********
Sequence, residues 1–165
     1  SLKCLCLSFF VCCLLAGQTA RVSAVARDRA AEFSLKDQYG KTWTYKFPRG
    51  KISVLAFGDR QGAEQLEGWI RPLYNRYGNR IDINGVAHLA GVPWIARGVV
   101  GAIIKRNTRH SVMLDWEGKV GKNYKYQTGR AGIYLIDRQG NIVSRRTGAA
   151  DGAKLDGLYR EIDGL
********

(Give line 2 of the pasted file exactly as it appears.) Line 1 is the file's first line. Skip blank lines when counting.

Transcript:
     1  SLKCLCLSFF VCCLLAGQTA RVSAVARDRA AEFSLKDQYG KTWTYKFPRG